The United States has a mass incarceration problem. While only having 5% of the world’s population, the U.S. has 25% of the world’s incarcerated population, making us the world’s largest jailer. Between 1980 and 2012, the U.S. federal prison population rose from about 25,000 inmates to 219,000 inmates, an increase of more than 790 percent. In fact, at the end of 2013, an estimated 6,899,000 persons were under the supervision of adult correctional systems, which includes those incarcerated in prison or local jail in addition to those supervised in the community on parole or probation. The policies that caused mass incarceration came out of a direct response to the social tumult of the 1960s and increasing crime rate of the 1970s and 1980s. The thought was that incarceration will take offenders off the streets and deter potential offenders from committing future crimes. Many today will argue that this plan worked: over the last two decades, crime has steadily declined and today the crime rate is about half of what it was in 1991 at its height. Additionally, violent crime has fallen by 51 percent since 1991. However, a new report from the Brennan Center for Justice called ”What Caused the Crime Decline,” tells us that there is no one cause for this dramatic change, but rather many factors that are responsible:
“It concludes that over-harsh criminal justice policies, particularly increased incarceration, which rose even more dramatically over the same period, were not the main drivers of the crime decline. In fact, the report finds that increased incarceration has been declining in its effectiveness as a crime control tactic for more than 30 years. Its effect on crime rates since 1990 has been limited, and has been non-existent since 2000.”Acknowledging the severity of this problem, the RAC has long worked to reform our criminal justice system. As we approach Passover, when we retell the story of the Exodus from Egypt, we must remember our own redemption and think about redemption for those who are not free today. There is a Midrash that tells us that when the Egyptians drowned after the Israelites crossed the Red Sea, the angels celebrated. However, God admonished them, asking “are they not my children too?!” Even though the Egyptians had enslaved the Israelites, God still recognized their humanity and that the loss of their lives was tragic. Therefore, even for those in our nation who have committed crimes, we know that they were still created b’tzelem Elohim, in the image of God, and we must remember their humanity and rededicate ourselves to repairing our broken criminal justice system. Next month at our Consultation on Conscience conference in Washington, D.C., participants hear from Bryan Stevenson, the Executive Director of the Equal Justice Initiative. EJI works on behalf of indigent defendants and prisoners who have been denied fair and just treatment in the legal system by providing legal representation and assisting advocates and policymakers who are working to reform our criminal justice. I hope that you will join us in April as we continue this important conversation about our nation’s justice system! Photo courtesy of DreamWorks Pictures.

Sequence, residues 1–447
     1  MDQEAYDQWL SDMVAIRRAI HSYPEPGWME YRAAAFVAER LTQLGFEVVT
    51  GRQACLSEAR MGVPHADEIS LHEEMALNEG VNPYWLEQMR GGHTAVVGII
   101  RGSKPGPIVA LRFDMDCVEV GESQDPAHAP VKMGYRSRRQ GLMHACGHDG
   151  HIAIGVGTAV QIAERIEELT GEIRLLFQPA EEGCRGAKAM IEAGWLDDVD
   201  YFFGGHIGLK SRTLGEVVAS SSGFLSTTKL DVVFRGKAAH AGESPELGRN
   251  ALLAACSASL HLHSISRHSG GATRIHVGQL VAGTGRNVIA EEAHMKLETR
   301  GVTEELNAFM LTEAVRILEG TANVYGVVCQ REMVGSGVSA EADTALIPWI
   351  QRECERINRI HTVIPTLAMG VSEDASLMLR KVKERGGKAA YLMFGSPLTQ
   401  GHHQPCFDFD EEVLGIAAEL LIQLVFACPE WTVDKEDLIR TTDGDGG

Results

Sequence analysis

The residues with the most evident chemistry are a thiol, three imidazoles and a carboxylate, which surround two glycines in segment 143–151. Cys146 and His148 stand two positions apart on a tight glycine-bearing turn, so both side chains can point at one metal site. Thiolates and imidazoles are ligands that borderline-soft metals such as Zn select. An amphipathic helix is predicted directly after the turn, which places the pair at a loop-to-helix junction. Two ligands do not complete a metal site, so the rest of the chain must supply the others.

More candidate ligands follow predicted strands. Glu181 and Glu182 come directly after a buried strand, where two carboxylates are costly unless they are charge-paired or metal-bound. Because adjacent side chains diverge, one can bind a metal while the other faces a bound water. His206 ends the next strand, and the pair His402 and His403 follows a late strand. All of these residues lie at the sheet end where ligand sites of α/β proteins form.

November 27, 2023
We stand with the people of Israel during these difficult and challenging days and pray for the safety and immediate release of all of the hostages. See our resources and actions you can take.
November 15, 2023
Before sharing some tools for facing and combating antisemitism, it’s important to have a clear understanding of exactly what antisemitism is.
November 3, 2023
When we think about climate change, I believe we often get lost in the global context and forget about its local impacts. Climate change is a complex, unfamiliar, slow-moving, and intergenerational problem that covers a broad range of policies, topics, and headlines.